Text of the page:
What it does have is enough to run fairly detailed adventures in the post War of Souls period and somewhat generalized campaigns in all the major time periods since the Cataclysm (or First Cataclysm for Age of Mortals folks). It is effective for updating older Dragonlance settings, modules and characters to 3rd edition or 3.5. What it lacks in detail of maps and NPCs it makes up for with sections allowing for PC Draconians and Knights of Neraka (or Takhisis) among others, as well as very detailed chronologies and geographical information.
I am running a game using both the old, out of print Dragonlance Classics reprints of the original DL module series AND this new campaign setting. I am finding this combination very effective for running the original campaign using v.3.5 rules. The Classics series and the original DL modules are all available from retailers such as NobleKnight.com and TitanGames.com. If you like modules the old ones definitely still stand up, but 3rd ed. has many significant changes. If you want to make your own campaign in the old period I recommend the Sovereign Press book coming out later this year (see next paragraph).
So once again I emphasize that this product is designed mainly for playing in or after the War of Souls period. It is also (currently; see below) the only good way to play in the Dragonlance setting using D&D 3 or 3.5. Hopefully the "War of the Lance" expansion (published by Sovereign Press, due out later this year) will solve many of the problems I have mentioned here. Ideally, it will give enough information to allow play in that period without purchasing this WotC Dragonlance campaign setting, but I wouldn't bet on it.
Doesn't matter if you didn't like the Fifth Age or the War of Souls. If you did, fantastic.
What this book provides is a comprehensive translation of all outdated material from the previous editions into a newer supplement. It explains the history of the setting from the creation of the world to the end of the War of Souls.
There are new races, new prestige classes and base classes. New magic items and artifacts. Now so, more than ever, DL3E is richer and more vibrant than ever before.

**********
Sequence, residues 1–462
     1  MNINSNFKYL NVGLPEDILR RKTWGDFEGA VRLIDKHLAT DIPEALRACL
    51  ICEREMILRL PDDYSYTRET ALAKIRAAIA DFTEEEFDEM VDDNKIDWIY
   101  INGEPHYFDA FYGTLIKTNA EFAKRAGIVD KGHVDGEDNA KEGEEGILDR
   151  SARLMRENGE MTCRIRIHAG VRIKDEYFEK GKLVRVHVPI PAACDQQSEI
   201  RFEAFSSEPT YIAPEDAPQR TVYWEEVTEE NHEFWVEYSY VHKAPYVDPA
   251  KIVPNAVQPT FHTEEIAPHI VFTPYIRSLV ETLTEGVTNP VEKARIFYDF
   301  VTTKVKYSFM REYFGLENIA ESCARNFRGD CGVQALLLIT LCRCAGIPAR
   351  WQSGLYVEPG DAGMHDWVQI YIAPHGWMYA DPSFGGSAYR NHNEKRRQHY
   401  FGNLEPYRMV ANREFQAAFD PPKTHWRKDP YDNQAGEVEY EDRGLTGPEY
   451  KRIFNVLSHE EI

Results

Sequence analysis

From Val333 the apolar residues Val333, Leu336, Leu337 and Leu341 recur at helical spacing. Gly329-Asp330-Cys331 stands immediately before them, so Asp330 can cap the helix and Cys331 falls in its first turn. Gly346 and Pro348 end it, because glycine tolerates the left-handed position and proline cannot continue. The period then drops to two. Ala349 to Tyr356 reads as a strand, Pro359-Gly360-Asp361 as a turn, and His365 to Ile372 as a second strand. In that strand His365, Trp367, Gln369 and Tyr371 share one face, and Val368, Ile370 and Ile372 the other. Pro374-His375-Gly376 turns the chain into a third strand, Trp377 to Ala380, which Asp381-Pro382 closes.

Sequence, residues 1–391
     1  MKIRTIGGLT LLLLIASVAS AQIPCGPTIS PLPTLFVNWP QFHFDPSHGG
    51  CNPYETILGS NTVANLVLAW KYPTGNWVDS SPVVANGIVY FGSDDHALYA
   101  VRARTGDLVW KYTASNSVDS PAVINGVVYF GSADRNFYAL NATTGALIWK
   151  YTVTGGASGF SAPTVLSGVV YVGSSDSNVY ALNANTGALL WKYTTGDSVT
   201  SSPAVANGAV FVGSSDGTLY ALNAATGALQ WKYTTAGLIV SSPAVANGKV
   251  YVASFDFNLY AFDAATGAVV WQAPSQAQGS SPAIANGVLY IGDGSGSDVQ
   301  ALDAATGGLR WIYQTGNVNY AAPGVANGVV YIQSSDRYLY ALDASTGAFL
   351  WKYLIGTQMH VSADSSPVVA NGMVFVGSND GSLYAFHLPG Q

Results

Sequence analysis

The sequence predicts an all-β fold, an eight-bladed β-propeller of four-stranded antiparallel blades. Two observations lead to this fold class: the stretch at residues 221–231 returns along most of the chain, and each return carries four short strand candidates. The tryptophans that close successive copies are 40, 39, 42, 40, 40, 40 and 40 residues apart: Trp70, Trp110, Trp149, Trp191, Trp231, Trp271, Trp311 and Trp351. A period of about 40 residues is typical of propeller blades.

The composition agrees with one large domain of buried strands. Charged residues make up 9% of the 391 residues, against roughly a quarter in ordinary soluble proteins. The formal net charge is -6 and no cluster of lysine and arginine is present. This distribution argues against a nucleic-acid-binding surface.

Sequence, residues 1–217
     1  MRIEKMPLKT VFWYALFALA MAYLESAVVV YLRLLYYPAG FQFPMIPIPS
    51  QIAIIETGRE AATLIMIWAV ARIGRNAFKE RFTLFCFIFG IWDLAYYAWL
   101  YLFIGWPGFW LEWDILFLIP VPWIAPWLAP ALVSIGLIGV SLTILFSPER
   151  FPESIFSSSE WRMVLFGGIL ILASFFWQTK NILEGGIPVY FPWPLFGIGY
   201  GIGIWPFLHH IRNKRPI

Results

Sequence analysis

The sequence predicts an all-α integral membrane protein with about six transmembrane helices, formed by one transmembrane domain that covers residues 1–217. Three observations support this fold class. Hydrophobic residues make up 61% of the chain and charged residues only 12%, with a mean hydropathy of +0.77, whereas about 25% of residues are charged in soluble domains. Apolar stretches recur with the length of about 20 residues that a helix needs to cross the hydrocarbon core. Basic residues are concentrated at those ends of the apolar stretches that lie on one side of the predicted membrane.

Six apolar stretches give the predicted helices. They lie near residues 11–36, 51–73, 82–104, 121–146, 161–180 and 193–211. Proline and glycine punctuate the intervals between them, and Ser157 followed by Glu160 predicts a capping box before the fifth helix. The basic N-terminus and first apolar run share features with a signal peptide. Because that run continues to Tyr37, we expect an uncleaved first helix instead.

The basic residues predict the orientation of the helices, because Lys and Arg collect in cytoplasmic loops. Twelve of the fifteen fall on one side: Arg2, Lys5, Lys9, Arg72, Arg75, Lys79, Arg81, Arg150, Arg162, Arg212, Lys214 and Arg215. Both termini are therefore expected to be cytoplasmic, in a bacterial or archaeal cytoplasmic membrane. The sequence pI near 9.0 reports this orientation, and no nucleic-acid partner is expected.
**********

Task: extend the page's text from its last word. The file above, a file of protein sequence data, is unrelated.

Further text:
My pet gripes which prevents this from being five stars:
- The history had several spoilers, which, I think the book should have done a better job at warning the reader against.
- I found slabs of text which where copied and pasted from previous editions of Dragonlance campaign setting(sections on the Wizards of High Sorcery being a good example, ripped from the Tales of the Lance boxed set, and from the AD&D 1st Ed campaign setting as well IIRC).
- The art could have been greatly improved (the art in the Age of Mortals however, is the best I've seen in any recent d30 DnD 3e book, so that made up for it really).
The book lives up to reputation however, the material is substantial, well written (albeit poorly illustrated) and I thoroughly recommend it. I recommend you purchase Age of Mortals with it, as you'll wind up with a lot of questions which are answered in that book anyway.
Yes, there is an inch and a half margin which really shouldn't be that large. They should have at least added the chapter titles into the margin if they were going to make it that big.
The art isn't all that great. In fact there isn't a lot of art at all. Which means that the inch and a half margins don't sacrifice text, but rather pictures.
The other peeve I have about this book is that there is a lot of repeated information. The whole Chapter on other eras of play really isn't necessary, and everything that is in that chapter should have appeared somewhere else in the book.
The good thing is there are two new character classes, several prestige classes, and a lot of history for those people who don't feel like reading ALL of the Dragon lance books. But once again there is a lot of repetition of the history. There are also stats for some of the magic items used by the characters in the novels, and 2 mini adventures.
I want to comment on one prestige class. The dragon rider. Even if the dragon rider isn't used in your dragon lance campaign it can be easily changed to a different animal. I think I'm going to convert it to Star Wars and use it for the Rancor Riders.